Linked with this decision was also a second legal aspect as in the fact that, though currently, minors have more governmental protection, the law still usually requires that children assert any legal rights through their parents or guardians. Parental consent is also usually required in the case of counseling minors, not to mention the 'parental right' to receive all related information regarding the welfare of the child.
Though child abuse is treated as an exception, the issue remained that the non-offending parent may have the legal and ethical right to be informed about the child seeking professional help. Nancy Perry, Executive Director ACA observes "...To say that a student absolutely can't see a counselor without permission...severely abridge their right to free speech...jeopardize their ability to report abuse and neglect...." In the same article, Perry also emphasizes that parental consent is not necessary in the event of abuse and that there is a general agreement that high school students are generally mature enough to decide for themselves if they need help. Interestingly, Mark Salo, a school counselor at Sacajawea Middle School, in Bosner, Mont and past chair of the ACA Ethics Committee also says, "the ACA Legal Issues Report suggests that there may be some consideration given by the court for what is called 'mature minor' status, when consent is an issue (Counseling Today Online, 1997).
To reach a decision as to whether I should go ahead and file the necessary reports, as mandated by law, I also considered the fact that the child may have approached me hoping that I would intervene with her parents and seek a resolution that would keep the matter private and the family structure intact. The aforesaid reasoning was based on my existing relationship with the counselee, as the coach of the cheerleading team, wherein I had observed that the counselee was more reserved than her peers. To that extent, I felt she may have a "heightened desire for privacy...related to the confusion regarding self and others..." (Remley & Herlihy).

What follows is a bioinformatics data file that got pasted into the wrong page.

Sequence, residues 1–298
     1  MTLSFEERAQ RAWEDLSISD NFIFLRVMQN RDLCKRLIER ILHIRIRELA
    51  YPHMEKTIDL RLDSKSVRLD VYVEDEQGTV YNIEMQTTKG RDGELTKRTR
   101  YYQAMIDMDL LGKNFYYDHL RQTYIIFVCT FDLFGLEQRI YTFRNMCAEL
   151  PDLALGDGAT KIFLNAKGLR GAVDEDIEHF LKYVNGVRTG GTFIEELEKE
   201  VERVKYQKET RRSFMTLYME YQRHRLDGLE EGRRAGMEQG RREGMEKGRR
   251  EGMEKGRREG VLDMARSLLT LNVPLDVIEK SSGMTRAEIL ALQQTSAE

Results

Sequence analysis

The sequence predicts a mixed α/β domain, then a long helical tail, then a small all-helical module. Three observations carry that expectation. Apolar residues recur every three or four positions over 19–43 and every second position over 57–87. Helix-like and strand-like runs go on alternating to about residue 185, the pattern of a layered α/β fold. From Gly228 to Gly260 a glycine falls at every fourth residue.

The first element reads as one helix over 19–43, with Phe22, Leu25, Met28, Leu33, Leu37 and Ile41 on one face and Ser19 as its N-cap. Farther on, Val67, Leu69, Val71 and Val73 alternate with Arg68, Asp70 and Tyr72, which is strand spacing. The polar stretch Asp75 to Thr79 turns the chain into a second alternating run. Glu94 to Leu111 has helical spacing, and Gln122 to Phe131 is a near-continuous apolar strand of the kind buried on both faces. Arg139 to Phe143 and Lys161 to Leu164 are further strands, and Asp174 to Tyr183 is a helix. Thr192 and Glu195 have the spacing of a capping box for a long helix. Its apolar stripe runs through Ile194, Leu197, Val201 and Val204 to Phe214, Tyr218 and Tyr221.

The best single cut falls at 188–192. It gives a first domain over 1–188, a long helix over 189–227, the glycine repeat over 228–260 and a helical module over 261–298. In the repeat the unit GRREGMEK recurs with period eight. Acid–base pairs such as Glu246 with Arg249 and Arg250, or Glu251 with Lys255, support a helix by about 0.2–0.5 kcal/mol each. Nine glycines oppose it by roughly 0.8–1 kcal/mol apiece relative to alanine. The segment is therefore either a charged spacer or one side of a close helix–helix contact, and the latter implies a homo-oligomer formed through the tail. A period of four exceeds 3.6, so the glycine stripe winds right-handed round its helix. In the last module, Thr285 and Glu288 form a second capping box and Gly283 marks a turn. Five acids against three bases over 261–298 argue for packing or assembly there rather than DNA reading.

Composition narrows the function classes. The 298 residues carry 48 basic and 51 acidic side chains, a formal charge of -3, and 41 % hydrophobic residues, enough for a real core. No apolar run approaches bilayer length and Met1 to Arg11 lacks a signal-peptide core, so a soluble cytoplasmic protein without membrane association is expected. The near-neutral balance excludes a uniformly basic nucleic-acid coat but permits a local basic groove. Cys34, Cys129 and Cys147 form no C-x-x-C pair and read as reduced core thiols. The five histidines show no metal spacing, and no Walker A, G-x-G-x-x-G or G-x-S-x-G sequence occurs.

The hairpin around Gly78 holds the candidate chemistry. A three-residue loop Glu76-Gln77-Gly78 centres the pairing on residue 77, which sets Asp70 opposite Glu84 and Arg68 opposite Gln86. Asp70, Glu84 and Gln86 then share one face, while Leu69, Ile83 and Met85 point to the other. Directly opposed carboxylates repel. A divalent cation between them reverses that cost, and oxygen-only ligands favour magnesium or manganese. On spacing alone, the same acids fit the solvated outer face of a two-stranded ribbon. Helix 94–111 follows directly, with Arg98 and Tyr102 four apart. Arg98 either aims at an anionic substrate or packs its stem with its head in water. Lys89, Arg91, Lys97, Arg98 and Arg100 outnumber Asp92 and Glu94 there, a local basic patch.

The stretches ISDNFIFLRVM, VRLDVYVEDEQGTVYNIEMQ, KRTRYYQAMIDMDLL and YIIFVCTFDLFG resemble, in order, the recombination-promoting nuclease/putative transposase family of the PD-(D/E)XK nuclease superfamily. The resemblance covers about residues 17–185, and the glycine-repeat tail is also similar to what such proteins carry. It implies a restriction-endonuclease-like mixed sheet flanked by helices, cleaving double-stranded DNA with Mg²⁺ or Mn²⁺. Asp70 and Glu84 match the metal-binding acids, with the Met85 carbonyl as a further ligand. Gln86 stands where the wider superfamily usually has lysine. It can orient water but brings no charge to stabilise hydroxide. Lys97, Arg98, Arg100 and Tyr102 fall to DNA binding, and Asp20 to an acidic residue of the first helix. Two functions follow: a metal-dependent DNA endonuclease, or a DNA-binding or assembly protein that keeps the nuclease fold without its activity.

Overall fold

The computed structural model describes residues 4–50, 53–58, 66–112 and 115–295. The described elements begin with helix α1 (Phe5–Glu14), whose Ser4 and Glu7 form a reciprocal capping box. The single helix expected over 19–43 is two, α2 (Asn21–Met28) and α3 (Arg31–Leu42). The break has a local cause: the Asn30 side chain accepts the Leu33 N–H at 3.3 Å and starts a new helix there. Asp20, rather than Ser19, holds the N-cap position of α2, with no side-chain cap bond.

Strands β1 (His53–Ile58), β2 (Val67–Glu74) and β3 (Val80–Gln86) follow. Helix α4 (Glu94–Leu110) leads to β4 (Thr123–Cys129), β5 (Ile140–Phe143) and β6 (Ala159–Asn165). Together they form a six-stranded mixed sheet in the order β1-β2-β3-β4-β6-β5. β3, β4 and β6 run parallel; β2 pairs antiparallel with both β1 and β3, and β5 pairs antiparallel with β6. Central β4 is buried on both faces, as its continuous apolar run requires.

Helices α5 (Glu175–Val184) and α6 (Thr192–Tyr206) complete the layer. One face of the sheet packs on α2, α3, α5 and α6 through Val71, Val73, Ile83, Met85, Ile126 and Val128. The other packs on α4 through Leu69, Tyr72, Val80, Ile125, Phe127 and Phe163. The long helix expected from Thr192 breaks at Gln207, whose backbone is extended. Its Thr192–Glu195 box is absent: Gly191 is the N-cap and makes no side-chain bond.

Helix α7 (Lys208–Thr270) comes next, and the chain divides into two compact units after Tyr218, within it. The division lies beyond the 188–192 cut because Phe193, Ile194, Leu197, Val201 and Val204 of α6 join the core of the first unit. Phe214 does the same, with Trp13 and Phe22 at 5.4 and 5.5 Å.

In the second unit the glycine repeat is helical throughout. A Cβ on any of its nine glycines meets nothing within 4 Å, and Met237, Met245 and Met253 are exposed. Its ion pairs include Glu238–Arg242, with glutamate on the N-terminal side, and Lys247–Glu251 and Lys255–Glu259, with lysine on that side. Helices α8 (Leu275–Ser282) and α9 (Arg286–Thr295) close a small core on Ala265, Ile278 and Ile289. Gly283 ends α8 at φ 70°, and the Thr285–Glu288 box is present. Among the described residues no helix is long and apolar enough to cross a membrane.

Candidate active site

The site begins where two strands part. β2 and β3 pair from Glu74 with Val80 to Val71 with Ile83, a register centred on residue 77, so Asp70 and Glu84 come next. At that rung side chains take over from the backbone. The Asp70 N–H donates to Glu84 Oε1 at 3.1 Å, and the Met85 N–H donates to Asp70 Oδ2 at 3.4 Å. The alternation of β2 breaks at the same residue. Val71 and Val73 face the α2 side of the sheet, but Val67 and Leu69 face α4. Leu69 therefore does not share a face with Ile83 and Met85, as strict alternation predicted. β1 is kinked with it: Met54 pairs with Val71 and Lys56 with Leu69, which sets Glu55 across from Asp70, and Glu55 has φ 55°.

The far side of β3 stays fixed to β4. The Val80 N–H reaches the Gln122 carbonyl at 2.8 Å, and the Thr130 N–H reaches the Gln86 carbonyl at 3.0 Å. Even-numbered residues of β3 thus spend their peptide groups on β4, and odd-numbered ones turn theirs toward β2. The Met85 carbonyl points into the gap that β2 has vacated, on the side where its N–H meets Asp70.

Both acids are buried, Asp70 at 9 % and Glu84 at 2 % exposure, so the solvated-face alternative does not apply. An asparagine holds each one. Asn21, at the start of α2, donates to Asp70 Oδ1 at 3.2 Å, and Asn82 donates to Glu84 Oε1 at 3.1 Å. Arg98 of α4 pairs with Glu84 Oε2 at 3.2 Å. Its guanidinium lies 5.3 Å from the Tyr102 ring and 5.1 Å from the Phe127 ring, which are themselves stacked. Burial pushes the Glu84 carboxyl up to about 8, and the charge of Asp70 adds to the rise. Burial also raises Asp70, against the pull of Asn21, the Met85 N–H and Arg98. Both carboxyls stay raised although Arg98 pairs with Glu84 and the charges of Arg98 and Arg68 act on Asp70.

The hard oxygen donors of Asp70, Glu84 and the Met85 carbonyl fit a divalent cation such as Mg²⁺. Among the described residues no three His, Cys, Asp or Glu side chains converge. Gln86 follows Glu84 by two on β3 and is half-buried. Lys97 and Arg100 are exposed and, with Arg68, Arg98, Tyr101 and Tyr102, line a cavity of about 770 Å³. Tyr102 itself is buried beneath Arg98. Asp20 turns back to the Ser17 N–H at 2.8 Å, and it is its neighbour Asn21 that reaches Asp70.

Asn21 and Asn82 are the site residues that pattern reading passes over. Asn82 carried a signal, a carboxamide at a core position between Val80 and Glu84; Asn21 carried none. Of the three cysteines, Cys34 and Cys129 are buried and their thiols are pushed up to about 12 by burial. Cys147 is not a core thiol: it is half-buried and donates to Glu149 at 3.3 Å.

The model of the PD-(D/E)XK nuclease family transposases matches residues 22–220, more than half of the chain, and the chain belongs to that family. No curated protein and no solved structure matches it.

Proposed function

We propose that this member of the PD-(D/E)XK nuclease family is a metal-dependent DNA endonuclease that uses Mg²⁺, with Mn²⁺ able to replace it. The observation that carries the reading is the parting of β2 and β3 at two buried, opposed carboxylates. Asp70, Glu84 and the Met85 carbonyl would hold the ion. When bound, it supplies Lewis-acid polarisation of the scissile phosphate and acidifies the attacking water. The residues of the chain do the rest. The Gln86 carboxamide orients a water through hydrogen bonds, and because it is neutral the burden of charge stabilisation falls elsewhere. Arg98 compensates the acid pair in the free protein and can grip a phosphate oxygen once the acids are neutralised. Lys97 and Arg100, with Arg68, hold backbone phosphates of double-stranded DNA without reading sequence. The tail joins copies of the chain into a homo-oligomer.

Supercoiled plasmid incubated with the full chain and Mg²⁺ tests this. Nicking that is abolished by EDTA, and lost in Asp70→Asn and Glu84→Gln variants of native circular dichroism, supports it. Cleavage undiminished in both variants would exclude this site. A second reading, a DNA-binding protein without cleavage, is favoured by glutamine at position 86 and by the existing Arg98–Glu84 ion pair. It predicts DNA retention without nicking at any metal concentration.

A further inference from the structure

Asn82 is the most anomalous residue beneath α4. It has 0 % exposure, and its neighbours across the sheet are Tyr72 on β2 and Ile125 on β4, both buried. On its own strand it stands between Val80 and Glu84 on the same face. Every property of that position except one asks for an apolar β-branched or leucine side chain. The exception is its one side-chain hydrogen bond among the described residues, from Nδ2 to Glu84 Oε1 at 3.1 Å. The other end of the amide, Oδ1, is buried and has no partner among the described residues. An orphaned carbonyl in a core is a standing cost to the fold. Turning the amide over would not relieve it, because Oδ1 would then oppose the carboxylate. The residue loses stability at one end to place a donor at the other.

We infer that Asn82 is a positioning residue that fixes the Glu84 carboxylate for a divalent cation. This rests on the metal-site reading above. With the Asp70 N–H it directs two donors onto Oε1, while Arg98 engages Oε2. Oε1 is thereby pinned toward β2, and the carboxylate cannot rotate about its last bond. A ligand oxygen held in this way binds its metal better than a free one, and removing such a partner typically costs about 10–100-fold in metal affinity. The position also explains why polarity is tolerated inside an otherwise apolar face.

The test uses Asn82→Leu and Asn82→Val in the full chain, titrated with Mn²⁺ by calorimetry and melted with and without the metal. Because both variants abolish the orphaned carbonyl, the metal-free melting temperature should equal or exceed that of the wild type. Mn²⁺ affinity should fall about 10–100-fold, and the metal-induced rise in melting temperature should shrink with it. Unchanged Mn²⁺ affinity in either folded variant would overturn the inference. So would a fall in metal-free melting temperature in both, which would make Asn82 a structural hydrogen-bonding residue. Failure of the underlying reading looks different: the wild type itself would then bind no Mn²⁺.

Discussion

It was at this juncture that I first realized the risks of my continuing a dual relationship. Already, I was factoring in my observations in my other capacity into the counseling relationship, thereby running the risk of being less than objective. Immediately, however, I decided that the first step was to discuss the issues involved with the child as in the legal requirements, the consequences of filing such a report to both her and her family and the problems inherent in my acting as her counselor while continuing to function as her cheerleading coach, which would involve both her and my interacting with her parents on a social level.
Thankfully, here, the ethical guidelines were quite clear: "Enzer (1984) has noted that child psychiatrists are expected...inform children or seek their agreement to activities that affect them though this is not required by law" (Remley & Herlihy). I chose to do this despite knowing that the school authorities may prefer to follow 'the letter rather than the spirit of the law,' because ethically I felt that any decision should be based with the child's welfare as the primary consideration.